work from home

The business press here in the U.S. was all abuzz last week with the latest legislation proposed in the Dutch parliament. Workers now have the legal right to work from home…Sort of… Depends.

All clear?

The Devil is in the Details

While I’m not a legal scholar (let alone in Dutch), it seems to me that the important wording in the law is, The law compels employers to consider employee requests to work from home as long as their professions allow it.”

Legally, that’s not a whole lot. Basically, a company needs to “consider” allowing you to work from home if:

  • It’s been proven that the work can be done from a remote location such as a home. This means if you were making it work during the pandemic, you can probably still make it work.
  • Your “profession allows it.” Whatever that means
  • If you ask nicely

In fact, if you look at the law there’s not much there. Despite the screaming from the business press—especially here in the U.S. where it falls under, “Darn those Europeans with their time off, maternity leave and sensible benefits,” it doesn’t have any teeth in terms of enforcement. People can ask. Employers have to think about it. That’s as far as the law goes.

Why does this matter to us?

Working from home has already made seismic changes in the employer/employee relationship around the world. It has also started raising questions about safety, taxes, and workers rights that are just now being addressed by written policy and working their way through the courts. We made the move without much planning, and now it’s becoming clear there are too many unanswered questions to ignore any longer.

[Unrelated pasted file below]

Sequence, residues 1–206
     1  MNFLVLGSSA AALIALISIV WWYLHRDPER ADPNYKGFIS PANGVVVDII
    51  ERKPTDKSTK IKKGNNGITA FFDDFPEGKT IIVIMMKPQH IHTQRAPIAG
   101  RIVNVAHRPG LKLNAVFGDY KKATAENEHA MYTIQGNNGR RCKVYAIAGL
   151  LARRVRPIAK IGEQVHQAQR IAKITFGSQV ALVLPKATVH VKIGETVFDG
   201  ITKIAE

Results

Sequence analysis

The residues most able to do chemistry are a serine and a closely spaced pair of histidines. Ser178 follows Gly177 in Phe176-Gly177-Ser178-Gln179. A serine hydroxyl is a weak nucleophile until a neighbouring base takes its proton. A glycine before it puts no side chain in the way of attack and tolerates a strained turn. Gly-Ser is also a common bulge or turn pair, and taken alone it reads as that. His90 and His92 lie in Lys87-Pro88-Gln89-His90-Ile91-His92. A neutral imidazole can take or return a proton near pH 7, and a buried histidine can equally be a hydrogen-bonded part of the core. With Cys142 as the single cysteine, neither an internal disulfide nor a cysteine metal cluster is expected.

When the pandemic hit, every organization made its own pact with its workers about who could work where, and when they have to return to the office. Now that the initial panic is over, people are deciding whether to return from the office and what their legal rights are. Do the same tax and financial rules apply if I work in another state than the people in the office? Who do I complain to about expected work hours or policies that promise flexibility but don’t allow people to choose their working hours?

A warning to employers to clarify work from home policies?

The new Dutch “right to work from home” law is a first mild attempt to identify some of the pressing questions and start a critical discussion. In a way, it’s a warning to employers to get their acts together or risk government interference.

In almost every country, if there aren’t serious policies in place to address the changes in the social contract between employees and their bosses, government officials (or at least the courts) will put them there.

That’s why it matters.


Wayne Turmel--The Remote Leadership Institute

Wayne Turmel
Co-Founder and Product Line Manager

Wayne Turmel is the co-founder and Product Line Manager for the Remote Leadership Institute. For twenty years he’s been obsessed with helping managers communicate more effectively with their teams, bosses and customers. Wayne is the author of several books that demystify communicating through technology including Meet Like You Mean It – a Leader’s Guide to Painless & Productive Virtual Meetings, 10 Steps to Successful Virtual Presentations and 6 Weeks to a Great Webinar. His work appears frequently in

Wayne, along with Kevin Eikenberry, has co-authored the definitive book on leading remotely, The Long-Distance Leader: Rules for Remarkable Remote Leadership. Wayne and Kevin’s follow-up book, The Long-Distance Teammateoffers a roadmap for success not just for leaders, but for everyone making the transition to working remotely.

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